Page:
The limitation of our study was an unequal number of interviews made in the islands. Nowadays, only a portion of the population claim to use medicinal plants, hence the difficulties in providing a larger number of interviews. We did not want to artificially set the number of interviews the same and rather chose to go for a saturation point when finding a new knowledgeable informant proved difficult. We believe that in many smaller islands we interviewed all such individuals.

Data Availability Statement

The datasets presented in this study can be found in online repositories. The name of the repository can be found below: Voucher specimen numbers are in Table 2.

Ethics Statement

The studies involving human participants were reviewed and approved by the host Institution: Institute of Biology and Biotechnology of Rzeszow University. Written informed consent for participation was not required for this study in accordance with the national legislation and the institutional requirements. Written informed consent was not obtained from the individual(s) for the publication of any potentially identifiable images or data included in this article.

Author Contributions

Concept of the study and first draft of the paper–ŁŁ. All the authors read and approved the final version of the paper and took part in the field study including interviewing and voucher specimen collection: ŁŁ (30 islands), IV-K (22 islands), MJ-D (6 islands), KD (5 islands) and MJ (1 island).


The research was financed by funds from the Ministry of Science and Higher Education, the National Science Center in Poland (NCN) (2015/19/B/HS3/00471).

Conflict of Interest

The authors declare that the research was conducted in the absence of any commercial or financial relationships that could be construed as a potential conflict of interest.


Many thanks to the inhabitants of the islands for their amazing cooperation in the research.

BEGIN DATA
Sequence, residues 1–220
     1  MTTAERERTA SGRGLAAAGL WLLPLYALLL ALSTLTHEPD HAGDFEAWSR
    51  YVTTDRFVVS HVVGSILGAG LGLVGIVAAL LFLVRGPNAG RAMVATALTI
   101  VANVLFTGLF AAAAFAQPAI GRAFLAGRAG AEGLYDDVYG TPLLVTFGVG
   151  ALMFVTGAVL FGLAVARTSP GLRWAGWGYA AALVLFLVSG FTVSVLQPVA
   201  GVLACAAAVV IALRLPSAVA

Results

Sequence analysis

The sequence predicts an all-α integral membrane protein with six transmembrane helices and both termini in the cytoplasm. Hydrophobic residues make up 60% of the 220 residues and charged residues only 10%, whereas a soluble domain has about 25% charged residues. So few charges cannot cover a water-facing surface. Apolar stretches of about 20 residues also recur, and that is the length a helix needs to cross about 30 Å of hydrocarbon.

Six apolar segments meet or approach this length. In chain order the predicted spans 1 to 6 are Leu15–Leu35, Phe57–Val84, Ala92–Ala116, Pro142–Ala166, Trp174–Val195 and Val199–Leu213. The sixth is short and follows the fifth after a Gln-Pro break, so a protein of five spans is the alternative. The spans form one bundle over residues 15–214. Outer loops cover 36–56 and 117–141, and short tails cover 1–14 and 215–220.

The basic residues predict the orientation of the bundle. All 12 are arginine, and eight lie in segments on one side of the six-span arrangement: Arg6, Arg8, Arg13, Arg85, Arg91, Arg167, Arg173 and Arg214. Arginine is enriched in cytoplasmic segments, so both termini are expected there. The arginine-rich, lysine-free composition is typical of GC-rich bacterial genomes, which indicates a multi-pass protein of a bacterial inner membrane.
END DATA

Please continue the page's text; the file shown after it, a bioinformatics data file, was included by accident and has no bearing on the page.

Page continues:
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Keywords: ethnobotany, traditional medicine, herbal medicine, island biogeography, ethnomedicine, herbal teas, Croatia

Citation: Łuczaj Ł, Jug-Dujaković M, Dolina K, Jeričević M and Vitasović-Kosić I (2021) Insular Pharmacopoeias: Ethnobotanical Characteristics of Medicinal Plants Used on the Adriatic Islands. Front. Pharmacol. 12:623070. doi: 10.3389/fphar.2021.623070

Received: 29 October 2020; Accepted: 04 March 2021;
Published: 07 May 2021.

Edited by:

Zora Dajic Stevanovic, University of Belgrade, Serbia

Reviewed by:

Anely Nedelcheva, Sofia University, Bulgaria
Sol Cristians, National Autonomous University of Mexico, Mexico

Copyright © 2021 Łuczaj, Jug-Dujaković, Dolina, Jeričević and Vitasović-Kosić. This is an open-access article distributed under the terms of the Creative Commons Attribution License (CC BY). The use, distribution or reproduction in other forums is permitted, provided the original author(s) and the copyright owner(s) are credited and that the original publication in this journal is cited, in accordance with accepted academic practice. No use, distribution or reproduction is permitted which does not comply with these terms.

*Correspondence: Łukasz Łuczaj,